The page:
by Jeffrey T. Kirchner, DO, AAHIVS, AAHIVM Chief Medical Officer

May 5, 2020

Featured Literature:


The life expectancy for persons with HIV (PWH) is often noted in the post-ART era to be “normal” or “similar” to those without HIV. However, this opinion is perhaps more observational than quantitatively factual. This study included a large cohort (N=39,000) of adult PWH who lived in California, Maryland, Virginia, and the District of Columbia. They were matched 1:10 for ethnicity/race, sex, calendar year, and site of medical care to uninfected adults. These patients were in care from 2000 to 2016. The authors used abridged life tables to estimate the average number of total and comorbidity-free years of life remaining, beginning at age 21 by calendar year. The co-morbidities specifically looked at included: cancer, cardiovascular disease, diabetes, liver disease, renal disease, or respiratory disease. Among the 39,000 PWH there were 2,661 deaths compared to 9,147 deaths in the control group which translated to mortality rates of 1,303 verses 390 per 100,000 person years. From 2000-2003, life expectancy at age 21 was about 58 for persons with HIV compared to 79 for those without HIV – a gap of about 20 years. Over time, life expectancy for both groups improved and in 2016 a PWH was expected to live until age 77 compared to age 86 for someone not infected – a significant gap of nine years. However, for those who initiated ART with a CD4 count > 500 cells/mm3 the study found no difference in life expectancy. In regards to comorbidities, persons with HIV were likely to have first onset of one of these conditions at age 37 compared to age 52 in persons without HIV. This number has not improved over time. For persons who initiated ART with a CD4 count > 500 cells/mm3 there was a decrease in incidence of CVD and cancer but not diabetes, kidney, liver or lung disease, renal disease.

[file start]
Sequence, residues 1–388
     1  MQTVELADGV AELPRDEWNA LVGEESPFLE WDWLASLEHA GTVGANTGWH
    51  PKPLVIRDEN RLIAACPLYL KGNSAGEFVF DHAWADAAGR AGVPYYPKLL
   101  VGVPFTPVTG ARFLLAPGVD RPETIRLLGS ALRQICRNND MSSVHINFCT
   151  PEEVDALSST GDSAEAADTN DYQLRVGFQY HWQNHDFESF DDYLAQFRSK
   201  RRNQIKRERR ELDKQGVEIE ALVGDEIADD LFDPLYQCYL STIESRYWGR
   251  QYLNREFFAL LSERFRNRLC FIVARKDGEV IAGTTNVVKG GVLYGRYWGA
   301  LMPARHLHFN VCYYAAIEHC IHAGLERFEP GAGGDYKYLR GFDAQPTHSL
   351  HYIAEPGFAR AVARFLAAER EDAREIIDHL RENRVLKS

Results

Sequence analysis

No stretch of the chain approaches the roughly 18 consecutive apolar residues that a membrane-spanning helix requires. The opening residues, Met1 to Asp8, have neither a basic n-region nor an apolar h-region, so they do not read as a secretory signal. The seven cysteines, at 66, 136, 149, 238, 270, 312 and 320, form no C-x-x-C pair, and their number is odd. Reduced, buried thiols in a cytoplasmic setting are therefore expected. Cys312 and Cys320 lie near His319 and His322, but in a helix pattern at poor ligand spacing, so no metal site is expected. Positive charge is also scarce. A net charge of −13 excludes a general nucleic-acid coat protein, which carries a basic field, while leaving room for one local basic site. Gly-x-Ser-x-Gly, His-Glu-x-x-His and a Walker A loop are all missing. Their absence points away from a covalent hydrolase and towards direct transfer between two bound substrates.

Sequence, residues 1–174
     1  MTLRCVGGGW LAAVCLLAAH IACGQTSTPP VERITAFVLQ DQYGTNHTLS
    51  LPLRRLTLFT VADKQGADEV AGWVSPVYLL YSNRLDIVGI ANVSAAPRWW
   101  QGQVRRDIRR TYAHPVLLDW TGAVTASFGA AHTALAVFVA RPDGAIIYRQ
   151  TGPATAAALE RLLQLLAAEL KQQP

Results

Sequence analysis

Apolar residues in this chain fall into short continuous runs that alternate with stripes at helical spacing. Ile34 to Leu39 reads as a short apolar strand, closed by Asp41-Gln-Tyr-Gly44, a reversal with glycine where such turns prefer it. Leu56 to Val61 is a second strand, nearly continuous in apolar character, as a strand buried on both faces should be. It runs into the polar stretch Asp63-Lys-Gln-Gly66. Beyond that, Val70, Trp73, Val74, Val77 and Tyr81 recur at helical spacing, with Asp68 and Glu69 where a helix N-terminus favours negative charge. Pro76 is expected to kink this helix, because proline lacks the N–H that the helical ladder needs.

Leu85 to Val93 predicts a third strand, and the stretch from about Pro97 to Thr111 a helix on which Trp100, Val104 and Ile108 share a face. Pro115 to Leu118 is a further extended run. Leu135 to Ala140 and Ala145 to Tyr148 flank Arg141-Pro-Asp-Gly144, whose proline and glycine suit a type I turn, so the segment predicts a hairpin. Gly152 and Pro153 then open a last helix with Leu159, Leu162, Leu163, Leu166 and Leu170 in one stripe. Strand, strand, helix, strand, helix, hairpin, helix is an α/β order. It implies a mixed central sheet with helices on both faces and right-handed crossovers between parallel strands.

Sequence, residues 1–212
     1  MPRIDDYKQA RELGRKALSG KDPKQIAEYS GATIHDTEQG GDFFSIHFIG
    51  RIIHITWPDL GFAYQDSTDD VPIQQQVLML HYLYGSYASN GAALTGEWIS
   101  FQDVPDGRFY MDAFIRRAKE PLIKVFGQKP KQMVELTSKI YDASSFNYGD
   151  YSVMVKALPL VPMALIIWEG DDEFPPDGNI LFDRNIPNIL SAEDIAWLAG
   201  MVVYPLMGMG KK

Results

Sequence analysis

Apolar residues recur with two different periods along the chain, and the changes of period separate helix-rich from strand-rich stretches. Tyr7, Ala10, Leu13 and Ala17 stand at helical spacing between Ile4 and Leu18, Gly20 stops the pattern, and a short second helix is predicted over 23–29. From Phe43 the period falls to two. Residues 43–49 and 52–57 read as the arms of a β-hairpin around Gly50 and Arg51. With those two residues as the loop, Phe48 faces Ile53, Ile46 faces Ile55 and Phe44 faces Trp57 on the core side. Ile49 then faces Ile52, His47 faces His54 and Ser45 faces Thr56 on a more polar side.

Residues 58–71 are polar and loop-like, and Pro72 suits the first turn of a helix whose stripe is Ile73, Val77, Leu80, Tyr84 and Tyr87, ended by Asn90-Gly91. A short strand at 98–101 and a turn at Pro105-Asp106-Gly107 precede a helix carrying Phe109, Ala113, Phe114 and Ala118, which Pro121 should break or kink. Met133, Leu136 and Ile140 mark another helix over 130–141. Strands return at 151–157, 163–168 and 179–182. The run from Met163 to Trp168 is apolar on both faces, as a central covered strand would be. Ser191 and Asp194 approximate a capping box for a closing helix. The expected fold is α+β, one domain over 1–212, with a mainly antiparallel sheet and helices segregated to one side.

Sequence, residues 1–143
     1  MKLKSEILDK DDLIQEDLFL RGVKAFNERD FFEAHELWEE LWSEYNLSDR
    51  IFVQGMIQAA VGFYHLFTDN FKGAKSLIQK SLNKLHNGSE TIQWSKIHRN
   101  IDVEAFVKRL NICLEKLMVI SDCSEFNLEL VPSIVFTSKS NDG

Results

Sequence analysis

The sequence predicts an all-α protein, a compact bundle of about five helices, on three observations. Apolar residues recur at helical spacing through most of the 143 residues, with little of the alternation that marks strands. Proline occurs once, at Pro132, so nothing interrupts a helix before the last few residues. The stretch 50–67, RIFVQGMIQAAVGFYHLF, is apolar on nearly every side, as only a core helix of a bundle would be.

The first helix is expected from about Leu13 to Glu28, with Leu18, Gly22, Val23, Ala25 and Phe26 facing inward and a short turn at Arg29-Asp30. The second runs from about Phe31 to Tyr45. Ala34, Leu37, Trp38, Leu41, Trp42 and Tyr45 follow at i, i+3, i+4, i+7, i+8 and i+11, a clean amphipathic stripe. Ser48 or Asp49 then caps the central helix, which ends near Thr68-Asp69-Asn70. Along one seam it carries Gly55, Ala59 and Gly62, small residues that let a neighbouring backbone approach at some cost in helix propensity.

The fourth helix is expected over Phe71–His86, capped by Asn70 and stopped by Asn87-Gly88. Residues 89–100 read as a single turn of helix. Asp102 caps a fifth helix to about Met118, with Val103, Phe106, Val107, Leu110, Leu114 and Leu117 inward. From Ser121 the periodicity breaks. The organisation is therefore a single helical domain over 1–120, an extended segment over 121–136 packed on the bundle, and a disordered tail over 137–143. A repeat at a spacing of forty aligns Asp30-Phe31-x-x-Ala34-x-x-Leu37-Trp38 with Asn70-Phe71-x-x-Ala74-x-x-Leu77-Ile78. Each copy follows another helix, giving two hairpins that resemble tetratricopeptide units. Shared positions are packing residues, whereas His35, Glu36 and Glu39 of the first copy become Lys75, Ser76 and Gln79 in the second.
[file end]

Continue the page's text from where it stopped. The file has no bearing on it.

Author’s Commentary:

This is an important study rich with data that has significant clinical implications for our patients. While it is true patients with HIV are living longer, life expectancy across the board is NOT the same as those without HIV, except for those who had a normal CD4 count at the time of diagnosis and had early initiation of ART. This supports our goals of early diagnosis and treatment known to be imperative for a variety of reasons, including preventing new infections. Conversely, HIV infections appears to still confer increase risk for co-morbid illness with a much earlier onset than in persons without HIV, resulting in “fewer healthy years.” I would encourage you to watch the FULL presentation of this study by Dr. Julia Marcus at the link below. 

The author has no conflicts of interest to disclose.

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